How To Live With Sickle Cell: Sickle Cell and I

The above is the title of my book that was published in May 2021. I have been blogging and writing about sickle cell for over 6 years. My name is Tola Dehinde. I was diagnosed as having sickle cell as a baby (months old), at Great Ormond Street Hospital. I therefore grew up knowing that I would be the one to fall ill, amongst my siblings, there were four of us in total. For that reason, I grew up knowing that I was ‘delicate’ as a child, as my mother would say.

I came back to London in my early twenties and that was when I really understood what sickle cell was all about. My immediate family were all living out of England. So, I had to be more independent fast. Throughout my life and right till when I came back to London, I was never admitted to hospital. My mother was a nurse and so she always looked after me at home.

In the last 80s, I started work at the BBC in London. It was tough being the only young, black woman who had sickle cell working in an office in White City. Despite it being hard, I worked at the BBC for twenty three years. During my time at the BBC, I studied and got various qualifications, I got a French degree, I got a post-graduate certificate, I got a diploma in life-coaching and I also studied relationship counselling. I have over the years done so many other courses.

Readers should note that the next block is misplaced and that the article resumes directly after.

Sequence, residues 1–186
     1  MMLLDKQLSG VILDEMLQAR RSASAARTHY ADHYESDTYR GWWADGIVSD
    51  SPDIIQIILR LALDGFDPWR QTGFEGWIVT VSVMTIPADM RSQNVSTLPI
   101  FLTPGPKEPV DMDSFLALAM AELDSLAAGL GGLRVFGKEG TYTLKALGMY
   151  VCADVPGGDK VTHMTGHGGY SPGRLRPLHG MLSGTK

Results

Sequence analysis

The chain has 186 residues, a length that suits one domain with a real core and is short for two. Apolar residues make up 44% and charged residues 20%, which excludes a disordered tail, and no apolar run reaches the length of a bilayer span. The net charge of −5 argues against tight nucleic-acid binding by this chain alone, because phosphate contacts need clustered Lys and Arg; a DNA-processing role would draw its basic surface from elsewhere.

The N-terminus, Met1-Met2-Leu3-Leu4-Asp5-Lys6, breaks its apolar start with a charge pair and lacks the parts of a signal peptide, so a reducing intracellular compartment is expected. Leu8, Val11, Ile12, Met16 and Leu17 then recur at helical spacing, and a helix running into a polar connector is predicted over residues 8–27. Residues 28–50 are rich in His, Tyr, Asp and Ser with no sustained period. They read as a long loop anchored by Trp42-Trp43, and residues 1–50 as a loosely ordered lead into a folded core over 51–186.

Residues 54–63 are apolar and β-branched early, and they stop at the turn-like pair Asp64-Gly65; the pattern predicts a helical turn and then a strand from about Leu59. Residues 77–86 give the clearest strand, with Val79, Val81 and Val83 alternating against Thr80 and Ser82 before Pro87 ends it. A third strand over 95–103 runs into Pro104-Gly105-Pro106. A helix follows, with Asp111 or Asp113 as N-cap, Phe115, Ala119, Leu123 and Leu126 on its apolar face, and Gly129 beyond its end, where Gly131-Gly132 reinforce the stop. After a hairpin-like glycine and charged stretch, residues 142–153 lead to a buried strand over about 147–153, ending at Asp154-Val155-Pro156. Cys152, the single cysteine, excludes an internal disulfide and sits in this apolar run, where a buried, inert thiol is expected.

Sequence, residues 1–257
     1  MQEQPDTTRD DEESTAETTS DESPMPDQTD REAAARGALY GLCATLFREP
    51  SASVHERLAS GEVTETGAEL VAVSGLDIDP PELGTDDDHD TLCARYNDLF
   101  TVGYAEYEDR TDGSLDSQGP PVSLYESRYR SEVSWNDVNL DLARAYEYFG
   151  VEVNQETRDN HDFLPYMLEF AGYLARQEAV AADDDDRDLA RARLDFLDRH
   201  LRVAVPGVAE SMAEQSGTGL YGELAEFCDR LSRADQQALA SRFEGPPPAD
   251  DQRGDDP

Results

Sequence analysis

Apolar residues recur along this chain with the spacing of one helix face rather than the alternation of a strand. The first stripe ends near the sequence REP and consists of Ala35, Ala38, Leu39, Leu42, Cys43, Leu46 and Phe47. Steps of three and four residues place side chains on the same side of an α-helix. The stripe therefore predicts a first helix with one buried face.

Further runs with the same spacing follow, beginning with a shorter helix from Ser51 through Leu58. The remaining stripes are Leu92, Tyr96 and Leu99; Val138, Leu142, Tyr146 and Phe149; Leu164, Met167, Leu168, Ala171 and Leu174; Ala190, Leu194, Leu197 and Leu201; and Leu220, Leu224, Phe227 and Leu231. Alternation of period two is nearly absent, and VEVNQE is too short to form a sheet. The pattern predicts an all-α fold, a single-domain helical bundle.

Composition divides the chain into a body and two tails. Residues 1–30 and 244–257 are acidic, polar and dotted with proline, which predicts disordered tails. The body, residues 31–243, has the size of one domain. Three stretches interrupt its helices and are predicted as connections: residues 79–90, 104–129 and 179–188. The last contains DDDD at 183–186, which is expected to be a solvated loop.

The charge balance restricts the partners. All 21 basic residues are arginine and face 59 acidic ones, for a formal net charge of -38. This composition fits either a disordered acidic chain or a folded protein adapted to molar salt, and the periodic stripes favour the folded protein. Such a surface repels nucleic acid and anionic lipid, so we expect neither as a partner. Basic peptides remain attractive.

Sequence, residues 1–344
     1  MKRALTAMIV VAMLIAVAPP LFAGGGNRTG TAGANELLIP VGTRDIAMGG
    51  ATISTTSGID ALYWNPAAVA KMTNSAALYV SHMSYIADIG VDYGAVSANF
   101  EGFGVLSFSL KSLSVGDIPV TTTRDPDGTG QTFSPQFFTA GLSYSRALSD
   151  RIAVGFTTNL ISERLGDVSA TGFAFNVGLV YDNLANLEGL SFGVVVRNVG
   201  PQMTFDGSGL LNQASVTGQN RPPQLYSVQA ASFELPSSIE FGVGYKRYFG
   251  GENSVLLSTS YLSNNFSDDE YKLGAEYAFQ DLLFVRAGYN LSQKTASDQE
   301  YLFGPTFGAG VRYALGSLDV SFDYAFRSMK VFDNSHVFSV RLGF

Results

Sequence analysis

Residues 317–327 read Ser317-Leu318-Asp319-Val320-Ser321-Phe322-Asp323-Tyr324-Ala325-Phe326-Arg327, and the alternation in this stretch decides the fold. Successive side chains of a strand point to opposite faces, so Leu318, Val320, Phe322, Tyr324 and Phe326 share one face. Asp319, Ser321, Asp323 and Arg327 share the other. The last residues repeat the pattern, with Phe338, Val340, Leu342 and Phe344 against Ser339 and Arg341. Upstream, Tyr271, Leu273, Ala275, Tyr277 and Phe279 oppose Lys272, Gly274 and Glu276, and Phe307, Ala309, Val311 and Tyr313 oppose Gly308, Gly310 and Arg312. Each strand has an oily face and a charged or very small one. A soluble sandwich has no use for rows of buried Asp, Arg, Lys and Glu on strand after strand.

Living with sickle cell is challenging because of the unpredictable nature of the disease. It is so difficult to make concrete plans because if one falls ill, and there are other people in the plan, it would seem as if one is letting other people down.

Post BBC, I started blogging on various aspects of my life. I love writing and decided to start three blogs at a go. The first blog was about sickle cell and my life on: A year after I started blogging, a door opened for me to write a column on a weekly basis on sickle cell matters for the most widely read newspaper in Nigeria called Punch. Incidentally, Nigeria has the highest birth prevalence of sickle cell disease in the world. Suffice to say, I was very happy to put issues about sickle cell on the global map. It has been an amazing experience so far as I get so many emails from readers, all over the world regarding issues about sickle cell.

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